Windy Season!

In mid to late December the rainy season ends and summer starts. This is the dry and sometimes windy season. The last three days have been very windy indeed! It seems the winds have been stronger and have lasted longer than what I remember from other summers. I can only imagine what it is like higher up in the mountains where it tends to be much windier than down here closer to sea level.

So, it is windy and there are leaves and debris everywhere, and biking home is especially challenging against the head wind. But, there have also been some more unusual occurrences in the last couple days.

I have written about the oropendolas in the past HERE. This post has some photos of the birds making nests in this very same spot. Fortunately these didn’t fall down until many months later (and unfortunately landed in the street and were destroyed by the cars). Here also is a video of one of them doing his interesting and unique display.

The guaba, also knows as the Inga or ice cream fruit, is an interesting tree. It is a nitrogen fixing tree and there are about 300 species of them, found mainly in the Amazon rain forest. Some have pods as much as a meter long!  Here is another article with some good pictures of the fruit that is familiar to us here.


About Kris Cunningham

We live in David, Chiriqui Provence, Republic of Panama! This blog is about some of our experiences in our new country.
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12 Responses to Windy Season!

  1. Oh no! Your beautiful tree full of fruit! I hate that for you. It’s been terribly windy here, too. Today I was to go to Granada for a few days to visit friends, and the ferries weren’t running. We’re stuck on the island until the wind dies down. I guess I’ll go next week. At least Carla has plenty of beer stocked in her pulperia. Aren’t those guys amazing with their machetes and hatchets? They can trim a tree in no time. Hunker down, my friend and watch those head winds while you are biking.


    • Thankfully there are lots of guabas in the area so I can support the others who sell it. Good luck with your winds! I didn’t think about it shutting down your ferry service. How is Carla? Tell her hi and we think of her.


  2. 4sarge says:

    Great Photos as usual. I’ll trade you, -4* F here (actual temp) and the Chill Factor about -18*F, give or take an Icicle or two. Temp should drop another few degrees before Sunrise. Yikes


    • Nooooo! I don’t want to hear that. We’re headed north tomorrow and I’m not looking forward to the weather. Thankfully the west coast isn’t nearly as chilly as you are there. Yikes is right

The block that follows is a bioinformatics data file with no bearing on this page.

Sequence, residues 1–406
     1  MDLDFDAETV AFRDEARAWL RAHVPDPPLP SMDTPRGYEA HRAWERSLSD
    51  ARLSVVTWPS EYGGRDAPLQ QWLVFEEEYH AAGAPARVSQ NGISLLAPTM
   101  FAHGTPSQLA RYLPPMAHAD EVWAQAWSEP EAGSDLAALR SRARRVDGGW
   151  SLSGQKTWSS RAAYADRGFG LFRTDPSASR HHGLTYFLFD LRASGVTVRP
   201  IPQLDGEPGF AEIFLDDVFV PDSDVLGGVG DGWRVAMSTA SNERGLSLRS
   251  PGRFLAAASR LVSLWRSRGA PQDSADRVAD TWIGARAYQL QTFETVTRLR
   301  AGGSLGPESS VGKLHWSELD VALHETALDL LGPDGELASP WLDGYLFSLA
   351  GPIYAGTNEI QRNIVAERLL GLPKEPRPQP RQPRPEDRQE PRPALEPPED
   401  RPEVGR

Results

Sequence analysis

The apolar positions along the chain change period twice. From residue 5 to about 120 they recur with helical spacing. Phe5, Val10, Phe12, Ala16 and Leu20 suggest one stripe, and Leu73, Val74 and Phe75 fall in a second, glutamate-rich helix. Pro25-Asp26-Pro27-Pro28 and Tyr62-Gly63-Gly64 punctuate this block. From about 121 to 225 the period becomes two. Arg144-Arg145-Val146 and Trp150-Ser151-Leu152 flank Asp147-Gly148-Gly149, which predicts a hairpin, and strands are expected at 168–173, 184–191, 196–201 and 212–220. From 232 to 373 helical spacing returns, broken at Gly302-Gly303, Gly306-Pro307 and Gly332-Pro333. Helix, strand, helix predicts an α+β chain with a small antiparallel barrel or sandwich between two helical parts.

3. mcmoller says:

    I agree about the stonger & longer winds. I thought I had just forgotten what the winds this time of year in Pedasí were like because they seem to be stronger and lasting most of the day and all through the night more than what I remember.


  4. Rick Flaherty says:

    Hi Kris. You are correct about the winds up the mountain. Here in Boquete they have been incredible. I was talking with a man the other day that measures the winds and he is say some gusts are over 60 mph with sustained wind winds of 40 mph. Makes walking a lot more of a challenge. Have a safe trip.


  5. Lorraine Bradley says:

    How long do these winds last? Is it a temporary thing with the changing seasons or does it persist all through the dry season? I’m very interested in moving to Panama, so I’m gathering as much information as possible.

    All the best on your trip to the U.S.


    • Windy days are possible anytime in the dry season. It seems though that the recent winds are stronger and lasting longer. Usually it’s just a day here and there. It will be interesting to see what the rest of the season brings.
      Thanks for stopping by and for the good wishes 🙂


  6. Laureen MacDonald says:

    Do the winds bring good air quality? I know on the Oregon coast we don’t get much in the way of air pollution with our summer winds, but it makes it a bit chilly, even on sunny days. I am hoping that with David’s heat, the winds are not so cold. During the winters when the winds are not as strong, everyone is using a woodstove, so the air quality leaves a bit to be desired. I want to live someplace where one never needs to light a woodstove! Laureen in Florence, Oregon


    • David is quite warm and the winds are not cold. There isn’t a problem with air quality either. You never need to light a fire unless you want to cook something over a fire. You might like one for heat up in the mountains occasionally but if you are used to Oregon climate you will find David toasty warm.


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